Straw from no-till cropping systems, in addition to increasing the soil organic matter content, may also impede the movement of applied herbicides into the soil and, thus, alter the behavior and fate of these compounds in the environment. Rain or irrigation before or after an herbicide treatment can either help or hinder its movement through the straw, influencing weed control. Our objective was to develop a system for herbicide application and rain simulation, enabling the evaluation of the movement of various herbicides either in dry or wet straw under different rainfall volumes (25, 50, 75, and 100 mm). The amount of the applied herbicides that moved through the straw were collected and measured using a liquid chromatograph with a tandem mass spectrometry system (LC-MS/MS). Measurements obtained with the developed system showed a high herbicide treatment uniformity across all replications. The movement of the active ingredients through the straw showed variability that was a function of the applied herbicide, ranging from 17% to 99%. In wet straw, the collected herbicide remained constant from 50 to 100 mm of simulated rainfall. For the wet straw, the decreasing percentages of the herbicide movement through straw to the soil were sulfentrazone (99%), atrazine and diuron (91% each), hexazinone (84%), fomesafen (80.4%), indaziflam (79%), glyphosate (63%), haloxyfop-p-methyl (45%), and S-metolachlor (27%). On the dry straw, the decreasing percentages of the herbicide movement were fomesafen (88%), sulfentrazone (74%), atrazine (69.4%), hexazinone (69%), diuron (68.4%), glyphosate (48%), indaziflam (34.4%), S-metolachlor (22%), and haloxyfop-p-methyl (18%). Overall, herbicide movement was higher in wet straw (with a previous 25 mm simulated rainfall layer) than in dry straw. Some herbicides, like haloxyfop-p-methyl and indaziflam, exhibited over 50% higher movement in wet straw than dry straw after 100 mm of simulated rain. The developed system can be adapted for various uses, serving as a valuable tool to evaluate the behavior of hazardous substances in different agricultural and environmental scenarios. Full article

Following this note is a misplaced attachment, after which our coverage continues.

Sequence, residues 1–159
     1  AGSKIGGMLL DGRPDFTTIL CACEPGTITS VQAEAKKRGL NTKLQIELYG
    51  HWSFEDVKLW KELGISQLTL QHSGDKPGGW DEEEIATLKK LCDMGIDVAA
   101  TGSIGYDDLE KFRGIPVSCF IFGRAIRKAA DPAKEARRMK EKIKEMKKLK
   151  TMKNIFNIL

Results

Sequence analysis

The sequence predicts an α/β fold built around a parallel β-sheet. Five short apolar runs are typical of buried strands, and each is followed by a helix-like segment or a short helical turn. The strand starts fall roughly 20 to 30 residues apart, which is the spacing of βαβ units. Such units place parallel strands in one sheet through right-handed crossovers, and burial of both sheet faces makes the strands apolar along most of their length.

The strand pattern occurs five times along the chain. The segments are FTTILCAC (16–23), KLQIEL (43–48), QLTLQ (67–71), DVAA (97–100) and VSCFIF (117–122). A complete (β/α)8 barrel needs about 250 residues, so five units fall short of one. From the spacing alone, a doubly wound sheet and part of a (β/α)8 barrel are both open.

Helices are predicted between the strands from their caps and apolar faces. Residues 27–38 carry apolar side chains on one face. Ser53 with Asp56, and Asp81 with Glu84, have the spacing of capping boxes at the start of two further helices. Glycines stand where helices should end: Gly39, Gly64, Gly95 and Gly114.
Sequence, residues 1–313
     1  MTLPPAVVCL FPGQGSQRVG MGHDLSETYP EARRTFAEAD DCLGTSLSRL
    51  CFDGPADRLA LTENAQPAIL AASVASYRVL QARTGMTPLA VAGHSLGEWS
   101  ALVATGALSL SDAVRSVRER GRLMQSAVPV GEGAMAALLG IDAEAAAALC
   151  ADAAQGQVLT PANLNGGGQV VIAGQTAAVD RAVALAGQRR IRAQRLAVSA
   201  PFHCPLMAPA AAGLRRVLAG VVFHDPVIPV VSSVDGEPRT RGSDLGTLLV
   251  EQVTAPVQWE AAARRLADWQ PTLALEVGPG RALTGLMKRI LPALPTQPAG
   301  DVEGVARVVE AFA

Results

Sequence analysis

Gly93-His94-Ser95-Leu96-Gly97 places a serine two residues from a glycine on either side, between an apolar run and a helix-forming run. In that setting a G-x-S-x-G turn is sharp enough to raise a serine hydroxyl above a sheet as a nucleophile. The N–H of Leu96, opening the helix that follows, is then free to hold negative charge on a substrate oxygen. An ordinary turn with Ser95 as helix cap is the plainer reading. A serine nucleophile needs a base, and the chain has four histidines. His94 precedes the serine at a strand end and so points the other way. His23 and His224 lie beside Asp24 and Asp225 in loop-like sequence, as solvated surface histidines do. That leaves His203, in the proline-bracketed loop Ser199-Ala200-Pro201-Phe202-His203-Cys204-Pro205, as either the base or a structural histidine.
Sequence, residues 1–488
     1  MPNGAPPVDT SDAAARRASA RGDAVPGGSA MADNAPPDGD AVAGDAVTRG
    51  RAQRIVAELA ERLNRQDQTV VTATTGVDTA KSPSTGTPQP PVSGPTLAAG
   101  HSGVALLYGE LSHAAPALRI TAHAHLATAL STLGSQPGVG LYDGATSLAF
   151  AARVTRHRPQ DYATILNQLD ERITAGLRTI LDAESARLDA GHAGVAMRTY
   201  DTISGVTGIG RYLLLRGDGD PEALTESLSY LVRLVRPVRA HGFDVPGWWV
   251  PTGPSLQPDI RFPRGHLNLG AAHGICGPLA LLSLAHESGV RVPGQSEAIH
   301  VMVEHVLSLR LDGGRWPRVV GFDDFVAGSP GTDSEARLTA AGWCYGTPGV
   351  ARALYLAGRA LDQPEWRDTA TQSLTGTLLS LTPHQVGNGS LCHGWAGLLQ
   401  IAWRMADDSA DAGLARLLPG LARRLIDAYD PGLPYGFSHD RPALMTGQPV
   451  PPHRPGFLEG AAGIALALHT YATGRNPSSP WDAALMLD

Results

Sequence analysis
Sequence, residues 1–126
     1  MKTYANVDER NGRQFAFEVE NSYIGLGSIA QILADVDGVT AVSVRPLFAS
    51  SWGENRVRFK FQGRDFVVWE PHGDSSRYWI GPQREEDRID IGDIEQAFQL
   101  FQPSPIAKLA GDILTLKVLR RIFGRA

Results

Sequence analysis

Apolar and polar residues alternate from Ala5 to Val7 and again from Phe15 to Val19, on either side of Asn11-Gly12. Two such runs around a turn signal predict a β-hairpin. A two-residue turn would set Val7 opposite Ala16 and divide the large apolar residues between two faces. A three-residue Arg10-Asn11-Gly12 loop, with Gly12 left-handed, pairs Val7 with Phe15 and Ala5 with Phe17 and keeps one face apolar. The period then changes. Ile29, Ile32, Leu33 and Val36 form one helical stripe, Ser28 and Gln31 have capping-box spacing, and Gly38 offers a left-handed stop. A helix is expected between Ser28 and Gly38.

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17 pages, 7466 KiB  
Article
A Performance Comparison of CNN Models for Bean Phenology Classification Using Transfer Learning Techniques
by Teodoro Ibarra-Pérez, Ramón Jaramillo-Martínez, Hans C. Correa-Aguado, Christophe Ndjatchi, Ma. del Rosario Martínez-Blanco, Héctor A. Guerrero-Osuna, Flabio D. Mirelez-Delgado, José I. Casas-Flores, Rafael Reveles-Martínez and Umanel A. Hernández-González
AgriEngineering 2024, 6(1), 841-857; https://0-doi-org.brum.beds.ac.uk/10.3390/agriengineering6010048 - 18 Mar 2024